The movie begins with a recreation of Bryan Singer’s X-Men (2000) opening scene involving young Magneto a.k.a Erik Lensherr bending a metal gate at a German concentration camp.
No doubt that the original intro was way more emotional (and epic) but I gotta give props to Matthew Vaughn, director of X-Men: First Class, for imitating this part of the motion picture with such precision. It was a Déjà vu moment for most of us in the audience as we were brought back to our childhood period.
X-Men: First Class is set during the dark ages of Cuba, a time when the world came closest to nuclear warfare. Although the movie does set its focus on (secret) historical events, the gist of the story always goes back to Erik Lensherr (Michael Fassbender). Sebastian Shaw (Kevin Bacon), also going under the alias Dr. Schmidt, is the so-called founder and co-creator of Erik’s alter-ego that is Magneto.
After witnessing his mother being shot by Shaw, little Erik (Bill Milner) unleashes the mutant in him by wrecking a lab full of metallic objects. The movie proceeds to the present day of 1962 where Erik seeks Shaw to administer revenge. As his mission progresses, Erik meets Charles Xavier (James McAvoy) and as predicted, they become the best of friends.
The new found bromance, together with Charles’ oldest friend Raven a.k.a Mystique (Jennifer Lawrence) and mutant affairs expert Moira MacTaggert (Rose Byrne), recruit a few other mutants to join their efforts in saving the world, namely Angel (Zoe Kravitz), Banshee (Caleb Landry Jones), Darwin (Edi Gathegi), Hank McCoy a.k.a Beast (Nicholas Hoult) and Cyclops’ older brother Havoc (Lucas Till).
Erik’s agenda however, stretches out far beyond than just saving the world and having his revenge on Shaw plus his Hellfire Club, consisting of sassy diamond-skinned Emma Frost (January Jones), Riptide (Alex Gonzalez) and Nightcrawler’s biological father named Azazel (Jason Flemyng).
The main attraction of the cast narrows down to mainly Jennifer Lawrence, James McAvoy and of course, Michael Fassbender.
Seeing how extraordinary Rebecca Romijn portrayed Raven/Mystique all this while, I was very much afraid that they might go wrong with the new casting of this character. Gladly, Jennifer Lawrence (Winter’s Bone) makes no mistakes in her performance as Raven/Mystique. Her solid acting and strong physical beauty are a breath of fresh air.
James McAvoy (Wanted) sure makes one really cool telepath. His lightheartedness and optimism is that indicative of Professor Charles Xavier. He complements Fassbender really well as he represents a watered down version of Fassbender’s heavily-suave character.
And now, onto the main event. Michael Fassbender (300) as a young Magneto is absolutely brilliant. This German-Irish actor exudes volcanic amounts of charm, class and suaveness. (Even Mr Ravenous was raving about how hot and handsome he is) Fassbender’s strong emotions are perfectly displayed with his powerful acting and robust attitude.
The costumes and wardrobe, designed by costume designer Sammy Sheldon, are extremely chic. Director Matthew Vaughn wanted to pay homage to the classic X-Men comics in the sixties. When he hired Sammy, he specifically told her not to include any tight-fitted spandex, leather biking suits or the black outfits which everyone was going to expect. He wanted to stay faithful to the original blue and yellow ballistic nylon concept.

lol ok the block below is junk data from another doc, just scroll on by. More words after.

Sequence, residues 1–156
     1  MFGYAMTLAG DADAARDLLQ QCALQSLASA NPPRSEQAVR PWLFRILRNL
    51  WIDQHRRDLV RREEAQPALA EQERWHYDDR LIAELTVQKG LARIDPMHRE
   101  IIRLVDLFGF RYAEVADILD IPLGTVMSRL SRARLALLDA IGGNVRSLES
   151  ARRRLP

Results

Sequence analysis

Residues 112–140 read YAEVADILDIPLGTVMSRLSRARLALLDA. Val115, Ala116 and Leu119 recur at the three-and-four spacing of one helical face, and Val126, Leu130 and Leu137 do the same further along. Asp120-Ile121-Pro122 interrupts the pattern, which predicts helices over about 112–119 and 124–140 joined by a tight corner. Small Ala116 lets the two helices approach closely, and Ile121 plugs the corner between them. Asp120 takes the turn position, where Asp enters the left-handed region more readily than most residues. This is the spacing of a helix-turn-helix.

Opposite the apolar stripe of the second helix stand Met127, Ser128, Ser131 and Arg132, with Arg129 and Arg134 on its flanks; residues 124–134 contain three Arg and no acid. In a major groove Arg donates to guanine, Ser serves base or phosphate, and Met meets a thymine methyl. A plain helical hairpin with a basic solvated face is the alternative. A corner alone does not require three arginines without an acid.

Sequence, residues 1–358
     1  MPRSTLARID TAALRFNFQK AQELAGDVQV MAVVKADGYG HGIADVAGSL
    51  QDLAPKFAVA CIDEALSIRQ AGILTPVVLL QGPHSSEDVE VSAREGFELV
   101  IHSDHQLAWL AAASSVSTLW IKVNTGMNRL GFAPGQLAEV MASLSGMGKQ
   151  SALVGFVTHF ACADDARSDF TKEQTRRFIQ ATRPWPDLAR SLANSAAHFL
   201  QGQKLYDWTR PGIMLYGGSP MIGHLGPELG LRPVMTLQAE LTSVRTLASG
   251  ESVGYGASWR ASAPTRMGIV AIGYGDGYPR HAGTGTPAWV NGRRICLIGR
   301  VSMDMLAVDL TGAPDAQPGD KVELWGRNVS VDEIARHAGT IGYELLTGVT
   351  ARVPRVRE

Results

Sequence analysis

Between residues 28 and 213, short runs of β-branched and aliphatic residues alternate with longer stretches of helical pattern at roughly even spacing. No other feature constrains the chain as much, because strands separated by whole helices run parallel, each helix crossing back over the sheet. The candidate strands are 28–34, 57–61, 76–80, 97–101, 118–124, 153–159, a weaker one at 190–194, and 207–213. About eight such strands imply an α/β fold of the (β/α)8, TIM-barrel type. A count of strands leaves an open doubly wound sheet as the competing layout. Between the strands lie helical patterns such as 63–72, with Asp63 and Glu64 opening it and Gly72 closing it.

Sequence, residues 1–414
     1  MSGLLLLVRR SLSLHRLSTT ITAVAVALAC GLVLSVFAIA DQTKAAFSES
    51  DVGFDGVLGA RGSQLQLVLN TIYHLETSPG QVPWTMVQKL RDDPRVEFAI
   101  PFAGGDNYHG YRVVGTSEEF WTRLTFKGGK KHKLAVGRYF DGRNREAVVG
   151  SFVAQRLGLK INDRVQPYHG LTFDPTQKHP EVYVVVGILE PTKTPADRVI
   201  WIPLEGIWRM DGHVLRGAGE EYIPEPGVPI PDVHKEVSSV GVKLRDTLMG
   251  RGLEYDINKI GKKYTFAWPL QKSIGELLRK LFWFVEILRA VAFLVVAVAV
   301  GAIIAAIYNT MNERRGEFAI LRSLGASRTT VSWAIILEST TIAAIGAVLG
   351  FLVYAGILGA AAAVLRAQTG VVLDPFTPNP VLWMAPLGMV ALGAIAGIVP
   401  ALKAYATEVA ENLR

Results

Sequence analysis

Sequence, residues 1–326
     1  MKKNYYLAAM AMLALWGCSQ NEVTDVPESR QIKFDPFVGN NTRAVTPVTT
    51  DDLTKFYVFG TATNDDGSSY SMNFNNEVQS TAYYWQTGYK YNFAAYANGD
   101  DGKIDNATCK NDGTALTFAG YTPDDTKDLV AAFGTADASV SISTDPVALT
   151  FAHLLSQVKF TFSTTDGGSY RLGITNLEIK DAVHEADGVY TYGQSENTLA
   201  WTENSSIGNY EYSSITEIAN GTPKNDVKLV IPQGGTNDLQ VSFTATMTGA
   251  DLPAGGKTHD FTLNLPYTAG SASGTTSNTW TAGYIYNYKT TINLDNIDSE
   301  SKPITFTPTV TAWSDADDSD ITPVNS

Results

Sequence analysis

Vaughn also wanted the ladies to wear something less constrictive and more free. For Mystique, her wardrobe consists of figure-hugging clothes to flatter her hour-glass silhouette.
Erik and Charles’ wardrobe are lovely as well. The suits are very polished and neat, like those exhibited in The Thomas Crown Affair (1999).
The tailored suits which Fassbender adorns for this film highlights his masculine and classy presence, significant in Magneto’s persona.
The character Emma Frost, famous for being scantily-clad in the comic books, bears some impressive outfits. Sexy starlet January Jones (Unknown) fills up her apparel quite nicely with her attractive figure. Too bad her anatomy does not make up for the fact that her face can’t seem to move a muscle throughout the movie.
Besides the awesome soundtrack (Above: Take That’s Love Love) played during the credits, X-Men: First Class is overall a great hit.
Seeing that Matthew Vaughn has directed two other marvelous films namely, Layer Cake (2004) and Kick-Ass (2010), it is to no surprise that this prequel stands out from the rest of the X-Men installations. What I like about this film is the entire atmosphere encircling it. I am particularly fond of films set back in war periods or the 1960-80s, just like Zack Snyder’s Watchmen.
I was really impressed with how excellent the cinematography and editing are, staying closely grounded to Vaughn’s feel of the ’60s era. With split screen entrances and gratifying close-up shots, the movie sets itself apart from the all the previous X-Men movies, which often take themselves too seriously.
The X-Men references in the movie are humorous and very tongue-in-cheek as well. Any X-Men fan will be delighted to bask in the knowledge of this popular mutant culture. There is even a scene (after Charles Xavier becomes paralysed) where James McAvoy recites “I suppose I am a professor now. Pretty soon I’ll be going bald.”
Be sure to keep a lookout for cameo appearances by two of X-Men’s sexiest mutants. Popspoken’s photographer strongly approves the first cameo and judging by the gasps/squeals in the cinema, we’re sure many others do too.